Tuesday, July 31, 2012

Video: Future of print

"EPILOGUE is a lyrical student documentary about the future of books by Hannah Ryu Chung, featuring a number of interviews with independent bookstore owners, magazine art directors, printers, bookbinders, letterpress artists, and other champions of bibliophilia." This is  a beautiful video with some stunning images. Here are some quotes from it:

  • a book is a sensory experience ...
  • it's an incredible aesthetic intellectual experience to read a book ... to read through a book ...
  • ... can you even buy floppy disks .. yet, you know, there are books from the fifth and sixth century (that can still be read)
Yes, it is that kind of video. It is for those who love the printed book, though it does not completely rule out the e-book. This 24 minute video is a must watch. Some of the visuals are quite a sight to behold.

Why are typos so hard to catch?

After reading this piece in Optical Illusions, I don't feel so stupid any more. According to Esther Inglis-Arkell, "It turns out, this is partly a matter of the way your brain processes text — and partly something that's specific to English and a few other languages."

Have you heard of the Stroop Effect? I hadn't either, but when I read the explanation I realised that I had read it somewhere before. "The Stroop Effect happens when the words for one color are printed in ink of another color ... If the word 'GREEN' is printed in blue ink, even though their eyes see blue, their brain thinks 'green'. It takes people a while to sort it out."

I am not a speed reader; I like language too much. Speed reading is good for those who like to know the ending. (Of course, you could peek at the last page.) I am one of those who hates a good book to end; its like parting after a long meaningful relationship with a good friend. One could revisit, certainly, but it will not be the same. There will no longer be the same serendipitous quality about it. So I read good books slowly, and bad ones quickly to get it over with.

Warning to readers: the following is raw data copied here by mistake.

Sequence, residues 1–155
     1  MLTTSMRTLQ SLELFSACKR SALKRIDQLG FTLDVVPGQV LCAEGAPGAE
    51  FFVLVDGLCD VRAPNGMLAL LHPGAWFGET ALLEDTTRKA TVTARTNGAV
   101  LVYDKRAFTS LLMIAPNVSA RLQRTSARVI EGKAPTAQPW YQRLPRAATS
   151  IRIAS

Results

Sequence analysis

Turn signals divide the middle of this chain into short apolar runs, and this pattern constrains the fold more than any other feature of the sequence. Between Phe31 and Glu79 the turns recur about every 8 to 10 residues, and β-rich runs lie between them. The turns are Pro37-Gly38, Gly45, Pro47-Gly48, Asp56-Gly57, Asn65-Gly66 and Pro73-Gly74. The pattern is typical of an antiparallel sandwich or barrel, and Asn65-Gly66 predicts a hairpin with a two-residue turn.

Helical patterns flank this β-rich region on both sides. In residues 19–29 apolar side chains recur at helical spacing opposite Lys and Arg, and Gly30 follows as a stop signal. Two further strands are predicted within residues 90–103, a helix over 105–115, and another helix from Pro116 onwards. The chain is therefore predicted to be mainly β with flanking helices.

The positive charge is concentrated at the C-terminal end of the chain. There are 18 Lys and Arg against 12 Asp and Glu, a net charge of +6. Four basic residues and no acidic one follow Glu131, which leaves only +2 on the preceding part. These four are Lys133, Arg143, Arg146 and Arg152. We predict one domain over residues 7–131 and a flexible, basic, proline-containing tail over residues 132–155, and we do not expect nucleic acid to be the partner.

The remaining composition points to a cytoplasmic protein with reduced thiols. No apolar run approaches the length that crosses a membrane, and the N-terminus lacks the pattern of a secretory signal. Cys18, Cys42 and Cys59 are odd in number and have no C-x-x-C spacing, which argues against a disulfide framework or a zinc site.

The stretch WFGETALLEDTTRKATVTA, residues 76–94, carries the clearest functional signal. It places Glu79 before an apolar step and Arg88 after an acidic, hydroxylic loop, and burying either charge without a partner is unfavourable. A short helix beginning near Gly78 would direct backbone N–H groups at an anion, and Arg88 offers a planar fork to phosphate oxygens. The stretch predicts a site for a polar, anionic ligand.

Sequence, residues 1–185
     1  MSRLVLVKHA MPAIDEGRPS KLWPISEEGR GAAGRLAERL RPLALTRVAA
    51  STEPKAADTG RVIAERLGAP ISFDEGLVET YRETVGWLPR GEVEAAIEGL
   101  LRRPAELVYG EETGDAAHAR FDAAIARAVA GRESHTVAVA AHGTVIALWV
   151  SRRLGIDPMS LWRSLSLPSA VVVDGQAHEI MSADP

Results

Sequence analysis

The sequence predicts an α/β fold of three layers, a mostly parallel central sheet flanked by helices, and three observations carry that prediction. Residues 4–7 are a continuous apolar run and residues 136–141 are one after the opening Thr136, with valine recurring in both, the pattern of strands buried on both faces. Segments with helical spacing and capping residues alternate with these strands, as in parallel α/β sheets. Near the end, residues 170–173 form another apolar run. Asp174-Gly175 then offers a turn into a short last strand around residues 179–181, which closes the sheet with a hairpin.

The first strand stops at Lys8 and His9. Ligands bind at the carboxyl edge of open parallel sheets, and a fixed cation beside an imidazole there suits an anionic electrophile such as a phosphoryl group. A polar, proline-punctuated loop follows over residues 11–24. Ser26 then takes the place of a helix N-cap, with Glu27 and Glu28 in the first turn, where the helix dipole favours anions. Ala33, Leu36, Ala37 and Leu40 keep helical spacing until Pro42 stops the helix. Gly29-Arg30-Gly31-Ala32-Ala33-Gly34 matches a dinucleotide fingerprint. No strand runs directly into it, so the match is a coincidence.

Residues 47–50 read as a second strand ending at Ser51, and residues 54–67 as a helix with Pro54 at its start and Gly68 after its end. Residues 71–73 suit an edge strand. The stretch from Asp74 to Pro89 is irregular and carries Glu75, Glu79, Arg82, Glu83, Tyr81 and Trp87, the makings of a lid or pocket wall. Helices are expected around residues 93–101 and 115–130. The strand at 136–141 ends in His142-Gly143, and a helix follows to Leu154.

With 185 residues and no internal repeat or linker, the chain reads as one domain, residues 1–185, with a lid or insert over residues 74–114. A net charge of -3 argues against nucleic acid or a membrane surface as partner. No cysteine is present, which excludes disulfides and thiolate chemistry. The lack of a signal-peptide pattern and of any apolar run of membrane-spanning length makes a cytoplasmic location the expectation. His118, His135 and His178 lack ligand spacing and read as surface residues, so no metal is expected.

But, coming back to proof reading, I am still dreadful at it. One problem is the familiarity of the text. Researchers at the MRC Cognition and Brain Sciences Unit found that "... It's possible to scramble those letters around while keeping them near where they would be, if the word were in its correct order ..." without losing comprehension. Apparently, this is possible only with a few languages including German. (They failed when they tried it with Hebrew.)

Read the whole story here.

Monday, July 02, 2012

Are profits the only consideration for the (printed) newspaper?

We have been hearing about the impending death of the newspaper for almost a decade now. We have considered it as inevitable. With the e-book and the iPad, we are even more sure that conventional newspapers are doomed. I was too, until I read this article in the Fortune magazine, Profits are not the only consideration for newspapers. It starts:

"One of the challenges of discussing the besieged newspaper business is that it's not like just any business, or it shouldn't be. There is a public-service component to newspapering that is often at odds with the pursuit of maximum profits. That, in fact, is the industry's core problem as readership and revenue continue to dwindle: Many of the nation's newspapers are owned by corporations that are concerned primarily or solely with profits, which often isn't good for journalism. The only way to maintain profits in the short-term is to cut costs."

Recently, The New Orleans Times-Picayune, announced that it would cut production from daily to three days a week. The paper reportedly is profitable -- but not profitable enough for its owners, who want to squeeze out as much as they can in as short a time as possible. People can always read it online, one could say. Fact is, "... more than a third of New Orleans' population has no internet access."

If one third of a major city in the US has no internet access, what about Malaysia? I was asked recently, in a survey conducted on behalf of the Ministry of Culture, why I considered it important for local publishers and authors to have more support from the print media (namely, newspapers) in this country. Isn't social media good enough?